Mitochondrial uncoupling proteins (UCPs) are nuclear-encoded mitochondrial membrane transporters involved in energy metabolism. UCP2 and UCP3 are located adjacent to each other on chromosome 11in a region linked to hyperinsulinemia and obesity. The physiological roles of UCP2 and UCP3 are not completely understood, but there is growing support for the role of UCP2 in the regulation of mitochondrial reactive oxygen species (ROS). Obesity and diabetes have been causally associated with hyperglycemia-induced production of ROS. Elevated cellular ROS has been implicated in the etiology of several human diseases, and recent studies have supported a role for ROS in breast cancer risk. Preliminary studies from our laboratory show over-expression of UCP2 protein in breast tumors, lending support to the hypothesis that expression levels could impact response to therapy.
Genetic variants have been described in the UCP2 gene that influences cellular levels of mRNA. A functional single nucleotide polymorphism (SNP) in the promoter region of the UCP2 gene (-866 G/A) results in increased protein expression for individuals with the A variant. This SNP has been associated with leptin resistance, diabetes mellitus and body weight regulation. There is also a 45-bp insertion polymorphism (INDEL) in the 3’ untranslated region of exon 8 that is believed to alter mRNA stability. We examined the association of these SNPs with anthropomorphic measures (waist-to-hip ratio and body mass index) in a population of 288 healthy Caucasian women. The -866 G/A SNP was associated with both waist-to-hip ratio (p=0.04) and body mass index (p=0.057). The INDEL was also associated with both these parameters (p=0.002 and p=0.032, respectively). Neither SNP was associated with age or menopausal status.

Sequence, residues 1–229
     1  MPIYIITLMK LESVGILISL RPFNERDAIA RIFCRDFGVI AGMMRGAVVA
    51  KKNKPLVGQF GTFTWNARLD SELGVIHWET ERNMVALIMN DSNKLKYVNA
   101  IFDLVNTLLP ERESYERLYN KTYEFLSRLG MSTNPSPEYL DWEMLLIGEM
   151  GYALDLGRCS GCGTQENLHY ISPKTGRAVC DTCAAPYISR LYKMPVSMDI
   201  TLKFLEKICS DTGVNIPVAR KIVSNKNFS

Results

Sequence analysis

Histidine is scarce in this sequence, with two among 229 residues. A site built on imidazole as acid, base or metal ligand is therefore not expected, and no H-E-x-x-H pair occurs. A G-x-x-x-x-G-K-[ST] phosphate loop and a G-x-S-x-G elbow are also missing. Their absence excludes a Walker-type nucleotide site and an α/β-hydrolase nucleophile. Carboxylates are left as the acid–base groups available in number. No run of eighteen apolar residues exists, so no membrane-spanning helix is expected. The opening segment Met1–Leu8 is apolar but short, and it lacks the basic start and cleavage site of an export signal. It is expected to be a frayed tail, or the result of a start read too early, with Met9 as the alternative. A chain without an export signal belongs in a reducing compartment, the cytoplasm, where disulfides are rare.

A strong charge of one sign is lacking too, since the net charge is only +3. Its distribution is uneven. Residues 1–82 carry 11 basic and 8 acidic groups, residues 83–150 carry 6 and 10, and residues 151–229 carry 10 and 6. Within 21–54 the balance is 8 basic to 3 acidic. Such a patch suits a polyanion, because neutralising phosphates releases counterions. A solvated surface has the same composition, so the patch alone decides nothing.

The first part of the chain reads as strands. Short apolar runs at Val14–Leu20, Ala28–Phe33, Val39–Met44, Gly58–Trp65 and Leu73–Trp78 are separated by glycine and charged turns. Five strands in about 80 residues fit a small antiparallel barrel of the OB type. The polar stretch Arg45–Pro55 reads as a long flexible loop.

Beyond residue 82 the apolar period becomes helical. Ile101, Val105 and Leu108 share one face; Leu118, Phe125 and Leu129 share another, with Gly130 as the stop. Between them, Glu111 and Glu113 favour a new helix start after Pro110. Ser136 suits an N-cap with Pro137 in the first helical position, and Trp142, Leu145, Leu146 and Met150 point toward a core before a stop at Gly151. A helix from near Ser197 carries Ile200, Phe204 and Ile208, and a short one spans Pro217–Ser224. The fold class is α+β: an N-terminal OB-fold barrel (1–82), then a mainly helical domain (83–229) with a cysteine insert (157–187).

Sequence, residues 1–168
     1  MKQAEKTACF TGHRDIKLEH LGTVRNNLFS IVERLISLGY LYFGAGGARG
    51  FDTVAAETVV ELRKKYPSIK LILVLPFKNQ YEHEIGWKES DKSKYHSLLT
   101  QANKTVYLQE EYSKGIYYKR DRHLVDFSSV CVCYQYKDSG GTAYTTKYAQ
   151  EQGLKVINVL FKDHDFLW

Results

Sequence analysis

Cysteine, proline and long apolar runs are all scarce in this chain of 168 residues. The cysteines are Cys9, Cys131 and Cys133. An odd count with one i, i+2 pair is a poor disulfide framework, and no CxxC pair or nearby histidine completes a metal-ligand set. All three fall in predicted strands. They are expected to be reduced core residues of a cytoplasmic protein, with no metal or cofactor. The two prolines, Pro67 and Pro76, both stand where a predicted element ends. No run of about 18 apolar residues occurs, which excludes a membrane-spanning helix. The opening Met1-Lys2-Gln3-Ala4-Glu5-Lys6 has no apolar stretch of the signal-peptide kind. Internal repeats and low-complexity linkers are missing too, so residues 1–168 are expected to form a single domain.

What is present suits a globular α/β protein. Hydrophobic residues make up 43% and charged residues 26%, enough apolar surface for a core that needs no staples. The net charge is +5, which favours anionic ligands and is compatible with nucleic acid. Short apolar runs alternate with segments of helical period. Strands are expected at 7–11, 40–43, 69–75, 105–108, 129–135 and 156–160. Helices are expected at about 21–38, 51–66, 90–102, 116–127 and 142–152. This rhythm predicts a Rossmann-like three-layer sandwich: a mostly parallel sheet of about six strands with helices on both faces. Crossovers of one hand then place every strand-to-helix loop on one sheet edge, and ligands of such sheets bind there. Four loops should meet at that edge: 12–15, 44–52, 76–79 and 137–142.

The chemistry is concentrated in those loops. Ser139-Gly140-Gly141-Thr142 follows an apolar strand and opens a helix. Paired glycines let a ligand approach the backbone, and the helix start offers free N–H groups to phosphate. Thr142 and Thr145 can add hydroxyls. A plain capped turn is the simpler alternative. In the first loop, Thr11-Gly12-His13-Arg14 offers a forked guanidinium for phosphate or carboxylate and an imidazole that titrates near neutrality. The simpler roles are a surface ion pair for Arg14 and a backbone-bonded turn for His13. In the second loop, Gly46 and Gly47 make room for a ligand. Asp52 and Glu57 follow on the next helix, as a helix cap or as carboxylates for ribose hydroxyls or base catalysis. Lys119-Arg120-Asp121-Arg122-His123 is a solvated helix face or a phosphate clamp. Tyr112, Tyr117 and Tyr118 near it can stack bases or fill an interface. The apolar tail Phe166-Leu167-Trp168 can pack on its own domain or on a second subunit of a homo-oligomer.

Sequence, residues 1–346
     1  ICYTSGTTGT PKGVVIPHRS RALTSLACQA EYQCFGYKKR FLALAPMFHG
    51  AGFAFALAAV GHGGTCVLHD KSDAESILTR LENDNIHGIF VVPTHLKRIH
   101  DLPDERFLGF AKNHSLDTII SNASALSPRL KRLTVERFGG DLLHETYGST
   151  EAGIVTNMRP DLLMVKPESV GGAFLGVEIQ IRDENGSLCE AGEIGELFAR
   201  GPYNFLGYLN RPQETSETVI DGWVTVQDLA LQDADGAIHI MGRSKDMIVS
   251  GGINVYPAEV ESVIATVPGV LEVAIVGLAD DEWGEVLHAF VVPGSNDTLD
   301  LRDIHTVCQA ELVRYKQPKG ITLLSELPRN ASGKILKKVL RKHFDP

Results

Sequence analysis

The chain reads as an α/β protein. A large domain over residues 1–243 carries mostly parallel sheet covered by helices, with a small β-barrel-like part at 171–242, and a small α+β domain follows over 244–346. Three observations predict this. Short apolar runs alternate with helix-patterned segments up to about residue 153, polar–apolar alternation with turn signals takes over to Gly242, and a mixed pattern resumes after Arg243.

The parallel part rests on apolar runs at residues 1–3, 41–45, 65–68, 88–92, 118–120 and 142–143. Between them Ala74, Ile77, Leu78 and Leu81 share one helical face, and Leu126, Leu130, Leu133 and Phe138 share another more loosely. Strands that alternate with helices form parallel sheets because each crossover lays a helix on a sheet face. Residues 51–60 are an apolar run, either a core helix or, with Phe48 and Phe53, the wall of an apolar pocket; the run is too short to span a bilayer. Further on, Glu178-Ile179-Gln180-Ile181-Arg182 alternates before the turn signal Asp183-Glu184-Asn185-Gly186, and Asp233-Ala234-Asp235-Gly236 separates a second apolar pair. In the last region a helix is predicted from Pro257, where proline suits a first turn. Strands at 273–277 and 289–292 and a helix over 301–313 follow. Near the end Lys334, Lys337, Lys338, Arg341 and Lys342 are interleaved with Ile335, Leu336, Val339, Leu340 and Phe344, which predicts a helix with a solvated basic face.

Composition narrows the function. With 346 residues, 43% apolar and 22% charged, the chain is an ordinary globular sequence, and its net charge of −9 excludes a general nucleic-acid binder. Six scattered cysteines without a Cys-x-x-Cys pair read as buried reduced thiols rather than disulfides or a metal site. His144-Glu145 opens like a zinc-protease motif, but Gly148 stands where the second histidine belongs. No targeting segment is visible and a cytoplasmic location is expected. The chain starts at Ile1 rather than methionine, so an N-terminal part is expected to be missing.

When these genetic variants were examined in a pilot study of breast cancer (cases = 173 and controls =131), we found no main effect of genotype with breast cancer risk. However, there was an interaction between the genetic variants, waist-to-hip ratio and increased breast cancer risk (OR=1.93, 95% CI 0.94-2.39 for -866 G/A SNP and OR=1.87, 95% CI 1.07-3.36).
Taken together, these studies suggest a role for genetic variability in UCP2 in both breast cancer risk and prognosis.
98th AACR Annual Meeting-- Apr 14-18, 2007; Los Angeles, CA